But Millie Hamilton, an Encino Neighborhood Council member and docent at the city's Tillman Water Reclamation Plant, said recycling is safe, needed and nothing new. "There is no new water on this planet," said Hamilton, who was referred to The Times by the mayor's office. "We are drinking the same water the dinosaurs drank. All our water has been and is being recycled."

The ambitious water plan carries political risks for the mayor, but also could burnish his record as an environmental leader in a bid for higher office. A number of key details remain to be worked out and vetted by the City Council, including the cost of various elements and how they would be financed.

On the heels of a recent DWP water rate hike, Nahai said no additional increases are anticipated. Most parts of the program can be funded from state water grants, the DWP's existing budget and going after polluters who have fouled city groundwater. But future fee increases may be needed, he acknowledged.

David Coffin, a Westchester Neighborhood Council member who tracks water issues, said the plan misses a larger point: controlling growth.

"I don't think they're going to make any headway. They're adding 14,000 to 16,000 housing units a year in the face of water shortages. How are they going to supply all those people?"

Administration officials say the point is to act now so the city can meet increased demand through a combination of conservation and recycling. They note that Los Angeles is an arid metropolis that has grown by dipping long straws in far-flung water supplies.

But recent court rulings, environmental agreements and competition from other urban centers are cutting flows or sharply increasing costs of water from the Owens Valley, the Sacramento-San Joaquin River Delta and the Colorado River.

[email protected]
See less See more
Cinespia Announces First Cemetery Screenings of 2008​​
by The 8 Track Kid May 18th, 2008 @ 11:27 PM​
Looking for something to do on a Saturday night that involves music, an old cemetery and some of the best movies ever made? Well thanks to the folks at Cinespia you needn’t look any further because they’ve announced their first two screenings of the year at The Hollywood Forever Cemetery. For several years now Cinespia has, on spring and summer Saturday nights, turned the Hollywood Forever Cemetery into a film lovers spooky paradise by screening classic films and cult favorites under the stars.

To kick off this year Cinespia has chosen to show the appropriately dark Ace In The Hole on Saturday May 24th. Long considered Billy Wilder’s lost classic, Ace in the Hole stars Kirk Douglas as an ambitious but down on his luck reporter who stumbles upon the story of a lifetime; a story so big it will take him back to the top, as long as he can keep it going…and he keeps it going no matter the consequences. While it was panned after it’s 1951 release as being too dark that may be due to the fact that it says more about some of the ugly aspects of human nature than we care to admit to. Ace in the Hole is Billy Wilder at his darkly satirical best and I highly recommend heading out to this screening because it’s an experience (and a film) you wont soon forget.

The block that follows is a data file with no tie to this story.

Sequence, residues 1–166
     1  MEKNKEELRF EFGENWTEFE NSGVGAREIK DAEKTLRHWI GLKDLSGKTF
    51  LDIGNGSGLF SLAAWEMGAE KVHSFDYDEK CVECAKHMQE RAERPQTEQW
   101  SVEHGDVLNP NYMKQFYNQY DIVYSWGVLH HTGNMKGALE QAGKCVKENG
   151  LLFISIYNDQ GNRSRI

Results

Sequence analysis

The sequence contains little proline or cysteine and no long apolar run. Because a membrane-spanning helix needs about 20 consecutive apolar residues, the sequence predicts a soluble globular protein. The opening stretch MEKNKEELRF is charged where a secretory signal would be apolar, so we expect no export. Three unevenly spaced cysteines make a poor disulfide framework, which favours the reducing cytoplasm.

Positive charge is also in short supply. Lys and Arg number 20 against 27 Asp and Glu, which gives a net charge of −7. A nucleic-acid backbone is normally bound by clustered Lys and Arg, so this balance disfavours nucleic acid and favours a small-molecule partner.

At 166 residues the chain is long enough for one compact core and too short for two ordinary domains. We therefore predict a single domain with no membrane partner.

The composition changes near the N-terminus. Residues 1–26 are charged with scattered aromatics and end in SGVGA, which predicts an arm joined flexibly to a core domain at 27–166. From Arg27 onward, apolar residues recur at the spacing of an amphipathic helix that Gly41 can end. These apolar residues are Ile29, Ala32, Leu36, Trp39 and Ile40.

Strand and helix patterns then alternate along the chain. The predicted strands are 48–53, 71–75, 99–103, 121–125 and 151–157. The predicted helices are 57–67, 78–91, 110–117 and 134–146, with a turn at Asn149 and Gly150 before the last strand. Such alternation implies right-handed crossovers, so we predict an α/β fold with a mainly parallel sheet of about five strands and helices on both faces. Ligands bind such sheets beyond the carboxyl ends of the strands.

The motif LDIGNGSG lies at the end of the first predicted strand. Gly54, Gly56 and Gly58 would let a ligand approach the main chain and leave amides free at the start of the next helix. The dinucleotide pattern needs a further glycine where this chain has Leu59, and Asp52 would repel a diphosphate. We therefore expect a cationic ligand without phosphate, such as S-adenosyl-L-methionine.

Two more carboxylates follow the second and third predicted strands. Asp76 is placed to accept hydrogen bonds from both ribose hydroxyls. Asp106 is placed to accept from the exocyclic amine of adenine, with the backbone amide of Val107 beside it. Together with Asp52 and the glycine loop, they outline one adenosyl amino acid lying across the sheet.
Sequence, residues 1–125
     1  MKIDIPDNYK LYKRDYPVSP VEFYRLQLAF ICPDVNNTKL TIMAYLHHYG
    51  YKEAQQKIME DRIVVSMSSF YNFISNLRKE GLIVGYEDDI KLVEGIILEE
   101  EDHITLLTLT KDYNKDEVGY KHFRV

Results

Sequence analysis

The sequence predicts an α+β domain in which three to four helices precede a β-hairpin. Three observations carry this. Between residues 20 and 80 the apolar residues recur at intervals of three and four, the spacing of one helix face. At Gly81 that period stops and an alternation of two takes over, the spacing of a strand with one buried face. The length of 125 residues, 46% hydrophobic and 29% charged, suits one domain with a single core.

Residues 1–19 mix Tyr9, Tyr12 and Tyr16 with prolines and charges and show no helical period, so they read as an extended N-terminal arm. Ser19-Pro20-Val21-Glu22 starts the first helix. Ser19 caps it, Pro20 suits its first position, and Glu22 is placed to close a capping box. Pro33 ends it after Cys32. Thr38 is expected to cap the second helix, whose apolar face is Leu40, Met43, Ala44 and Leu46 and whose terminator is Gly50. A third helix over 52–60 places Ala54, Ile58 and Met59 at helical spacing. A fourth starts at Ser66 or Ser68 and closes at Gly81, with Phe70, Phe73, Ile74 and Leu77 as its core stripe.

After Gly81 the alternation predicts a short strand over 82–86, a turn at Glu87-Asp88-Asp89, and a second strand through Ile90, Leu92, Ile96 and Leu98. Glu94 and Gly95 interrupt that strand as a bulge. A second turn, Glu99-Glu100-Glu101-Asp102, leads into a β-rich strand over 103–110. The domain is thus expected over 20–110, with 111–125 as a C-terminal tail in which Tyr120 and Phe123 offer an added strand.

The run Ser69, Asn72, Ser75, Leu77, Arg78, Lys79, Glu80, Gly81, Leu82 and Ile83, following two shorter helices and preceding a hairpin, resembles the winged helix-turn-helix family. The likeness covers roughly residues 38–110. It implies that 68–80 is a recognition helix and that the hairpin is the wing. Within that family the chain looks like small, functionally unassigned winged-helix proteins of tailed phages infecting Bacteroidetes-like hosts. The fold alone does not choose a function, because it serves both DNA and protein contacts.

If you can’t make to Ace in the Hole, Cinespia will be back a week later on May 31st with The Party, a Blake Edwards comedy starring Peter Sellers from 1968. It’s the only non Pink Panther collaboration between Sellers and Edwards and it also features a pre Love Boat Gavin MacLeod, a baby elephant and many cultural artifacts that scream; “Hey, this was made in 1968″.

Here’s all you’ll need to know about Cinespia Cemetery Screenings 2008:

* The Hollywood Forever Cemetery is at 600 Santa Monica Blvd (at Gower).
* It’s a $10 donation to get in.
* Parking on the cemetery grounds is free but it fills up fast, parking elsewhere will cost you a few bucks. Some street parking is available in the area but as always look at the signs (do I have to tell you this?).
* Music before and after the movie.
* Bring a picnic and blankets but no barbecues and no tall chairs.
* You can bring booze but not your pets.
* Check out to learn more. Hope to see you at the cemetery sometime soon.
LA Metblogs​
See less See more
sounds necessary... if we were in kansas.

two directions of our city face the ocean. why not suck that through a straw and purify it?

no joke, please tell me, there's got to be a good reason why we aren't doing that. from the geographic perspective of it, we don't even need straws: the ocean is colliding with us.
1 - 20 of 414 Posts
This is an older thread, you may not receive a response, and could be reviving an old thread. Please consider creating a new thread.